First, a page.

"Engineering a. Compi1er by Patricia Anklam et al. [David Cutler, Roger Heinen, Jr., and M. Donald MacLaren] could have been subtitled Soul of £ New Compiler... the book provides a close, highly technical look at the development of the PL/1 compiler written for Digital Equipment's 32-bit VAX machines. A step-by-step chronical of the programming team's progress is provided, and even a few photos of notes the team kept. Technical jargon is kept to a minimum in this book which displays no lack of a sense of humor: one section is entitled 'Domesticating the Beast.' Published by DEC itself in Bedford, Mass., at $24, the volume should appeal to anyone — computer scientist, software engineer, or student -- attempting a similar project on
0 other equipment." (John W. Verity in "Literary Roundup," Datamation, Jan. 1983.) --------------- -----
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From an article in The Boston Globe by Ron Rosenberg, January 25, 1983:
"Several investment firms viewed Digital's second quarter . .. as a bellwether for the Maynard computer maker which has been one of the last computer builders to feel the pinch of the economic recession.
"'The results are spectacular when you consider how everyone on the street figured hardware equipment sales would drop to the floor,' said Donald Brown, a vice president of research at Shearson/American Express Co. 'The good news is that orders seemed to have firmed up. Earnings are under pressure as Digital is in the middle of a new product cycle.'
"A key to Digital's new products -- and future -- is the personal computer. Brown expects personal computer sales in the next two quarters to boost revenues and add to earnings."
During the next three months, long-range plans and budget requests will be carefully analyzed by senior management in an effort to ensure that resource allocations for FY [*]84 help Digital meet its ongoing goals of competitiveness and leadership. The current long-range planning cycle has just been extended by one month (to April) to make certain that ample discussion takes place around planning unit proposals.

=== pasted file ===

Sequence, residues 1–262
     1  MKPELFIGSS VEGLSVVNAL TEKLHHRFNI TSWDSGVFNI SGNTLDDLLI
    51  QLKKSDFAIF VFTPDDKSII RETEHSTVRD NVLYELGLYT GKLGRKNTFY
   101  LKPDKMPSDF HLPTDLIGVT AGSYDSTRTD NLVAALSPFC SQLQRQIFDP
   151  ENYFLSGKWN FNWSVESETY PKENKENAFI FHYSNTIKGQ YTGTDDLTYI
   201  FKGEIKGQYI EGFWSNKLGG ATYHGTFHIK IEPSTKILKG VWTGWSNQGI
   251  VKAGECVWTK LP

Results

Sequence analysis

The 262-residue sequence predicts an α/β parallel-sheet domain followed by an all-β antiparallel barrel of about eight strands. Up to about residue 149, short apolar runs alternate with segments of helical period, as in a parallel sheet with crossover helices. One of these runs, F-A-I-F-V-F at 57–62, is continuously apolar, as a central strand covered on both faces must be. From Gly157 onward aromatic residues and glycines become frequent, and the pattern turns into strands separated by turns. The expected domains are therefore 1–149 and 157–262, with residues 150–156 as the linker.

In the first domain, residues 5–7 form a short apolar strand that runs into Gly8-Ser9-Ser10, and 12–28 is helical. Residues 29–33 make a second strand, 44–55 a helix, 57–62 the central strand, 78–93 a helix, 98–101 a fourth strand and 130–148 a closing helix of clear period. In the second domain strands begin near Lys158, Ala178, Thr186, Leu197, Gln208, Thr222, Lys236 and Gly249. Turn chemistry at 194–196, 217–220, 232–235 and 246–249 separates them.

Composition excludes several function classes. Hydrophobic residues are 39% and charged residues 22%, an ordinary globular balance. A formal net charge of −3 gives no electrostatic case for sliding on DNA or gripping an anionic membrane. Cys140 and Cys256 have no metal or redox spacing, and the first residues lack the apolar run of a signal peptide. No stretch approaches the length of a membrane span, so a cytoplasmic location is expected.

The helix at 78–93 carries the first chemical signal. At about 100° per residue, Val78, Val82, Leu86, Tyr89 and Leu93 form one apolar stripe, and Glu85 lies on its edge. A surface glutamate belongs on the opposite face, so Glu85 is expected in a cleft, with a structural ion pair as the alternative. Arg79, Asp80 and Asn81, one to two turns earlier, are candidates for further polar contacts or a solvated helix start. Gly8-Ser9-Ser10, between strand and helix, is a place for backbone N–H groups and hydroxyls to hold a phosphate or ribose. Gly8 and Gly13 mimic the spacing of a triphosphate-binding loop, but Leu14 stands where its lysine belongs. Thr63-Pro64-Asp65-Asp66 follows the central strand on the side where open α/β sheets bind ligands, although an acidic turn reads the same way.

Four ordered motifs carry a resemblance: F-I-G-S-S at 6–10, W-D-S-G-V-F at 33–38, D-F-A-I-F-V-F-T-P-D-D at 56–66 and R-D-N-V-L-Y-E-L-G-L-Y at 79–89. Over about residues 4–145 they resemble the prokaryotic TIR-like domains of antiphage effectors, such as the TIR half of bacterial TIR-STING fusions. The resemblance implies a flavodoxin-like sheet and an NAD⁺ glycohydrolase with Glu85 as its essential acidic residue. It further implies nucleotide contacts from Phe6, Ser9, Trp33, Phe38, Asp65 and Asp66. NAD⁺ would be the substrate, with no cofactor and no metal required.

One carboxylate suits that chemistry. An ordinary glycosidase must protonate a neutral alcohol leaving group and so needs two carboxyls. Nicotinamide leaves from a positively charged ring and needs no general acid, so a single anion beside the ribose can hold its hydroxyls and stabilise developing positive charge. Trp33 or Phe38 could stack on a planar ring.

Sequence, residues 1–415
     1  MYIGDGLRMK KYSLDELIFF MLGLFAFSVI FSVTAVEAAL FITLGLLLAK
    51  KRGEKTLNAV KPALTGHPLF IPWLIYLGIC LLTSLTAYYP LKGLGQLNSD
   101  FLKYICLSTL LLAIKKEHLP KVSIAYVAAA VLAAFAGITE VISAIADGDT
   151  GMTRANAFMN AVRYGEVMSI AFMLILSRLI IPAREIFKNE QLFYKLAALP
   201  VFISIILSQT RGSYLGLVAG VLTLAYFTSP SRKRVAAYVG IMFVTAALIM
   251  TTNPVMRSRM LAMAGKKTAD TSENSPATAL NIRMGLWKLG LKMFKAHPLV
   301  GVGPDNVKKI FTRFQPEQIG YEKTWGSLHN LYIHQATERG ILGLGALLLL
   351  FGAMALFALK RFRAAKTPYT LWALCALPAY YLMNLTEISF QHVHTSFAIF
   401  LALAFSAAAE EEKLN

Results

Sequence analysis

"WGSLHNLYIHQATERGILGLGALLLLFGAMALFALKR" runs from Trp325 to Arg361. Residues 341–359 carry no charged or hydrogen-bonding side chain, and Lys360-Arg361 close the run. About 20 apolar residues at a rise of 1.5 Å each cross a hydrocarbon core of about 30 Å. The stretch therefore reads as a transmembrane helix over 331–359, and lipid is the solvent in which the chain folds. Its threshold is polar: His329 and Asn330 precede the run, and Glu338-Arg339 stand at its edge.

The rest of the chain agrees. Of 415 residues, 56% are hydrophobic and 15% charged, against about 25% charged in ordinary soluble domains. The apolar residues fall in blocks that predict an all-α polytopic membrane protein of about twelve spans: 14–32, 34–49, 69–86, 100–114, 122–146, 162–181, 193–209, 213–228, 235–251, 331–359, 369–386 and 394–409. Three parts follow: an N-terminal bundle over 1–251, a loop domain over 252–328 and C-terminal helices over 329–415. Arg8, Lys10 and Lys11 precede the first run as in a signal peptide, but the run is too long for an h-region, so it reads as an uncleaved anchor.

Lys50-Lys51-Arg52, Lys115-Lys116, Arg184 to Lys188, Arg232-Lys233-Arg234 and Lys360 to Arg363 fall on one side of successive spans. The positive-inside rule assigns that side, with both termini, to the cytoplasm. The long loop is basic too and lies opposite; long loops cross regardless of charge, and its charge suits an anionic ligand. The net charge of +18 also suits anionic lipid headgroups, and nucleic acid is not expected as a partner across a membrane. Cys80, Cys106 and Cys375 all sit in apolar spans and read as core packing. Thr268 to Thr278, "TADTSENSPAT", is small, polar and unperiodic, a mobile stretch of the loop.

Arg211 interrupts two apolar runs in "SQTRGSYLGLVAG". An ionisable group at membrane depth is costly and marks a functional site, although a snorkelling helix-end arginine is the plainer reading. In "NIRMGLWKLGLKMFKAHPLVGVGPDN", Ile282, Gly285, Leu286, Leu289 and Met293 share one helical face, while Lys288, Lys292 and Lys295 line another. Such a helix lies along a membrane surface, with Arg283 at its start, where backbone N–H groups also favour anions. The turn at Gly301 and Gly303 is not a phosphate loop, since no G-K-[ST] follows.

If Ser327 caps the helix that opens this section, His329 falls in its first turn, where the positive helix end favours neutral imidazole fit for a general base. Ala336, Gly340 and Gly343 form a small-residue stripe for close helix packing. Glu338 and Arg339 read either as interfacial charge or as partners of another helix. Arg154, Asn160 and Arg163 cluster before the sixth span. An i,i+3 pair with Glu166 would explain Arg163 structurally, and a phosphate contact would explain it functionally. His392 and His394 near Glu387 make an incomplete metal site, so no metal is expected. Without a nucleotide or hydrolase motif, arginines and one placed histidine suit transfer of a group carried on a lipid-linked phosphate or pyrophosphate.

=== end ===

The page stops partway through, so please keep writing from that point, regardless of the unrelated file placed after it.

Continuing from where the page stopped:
"With the continued uncertainty in the economy, there will be lots of pressure to contain costs, but this must not stop us from investing in programs that help Digital remain a major force in the computer industry. Our planning process separates spending for tactical and investment purposes. It thereby helps us identify and assess our new investment opportunities," explains Sheldon Aronoff, manager of Corporate Financial Planning and Analysis.
"In FY'83, our strategic investments included the expansion of the Digital Business Centers, the establishment of the Business and Office Systems Group and a continued investment in personal computers. As part of the FY '84 planning process, management will assess strategic investment recommendations and make sure the vital ones are supported.
"Overall productivity investments must also be made to make sure that expanding work needs are met without major staffing increases. Items that fall into this investment category include automation in Manufacturing and Engineering, for example, Computer Aided Design and Computer Aided Manufacturing and artificial intelligence," says Sheldon.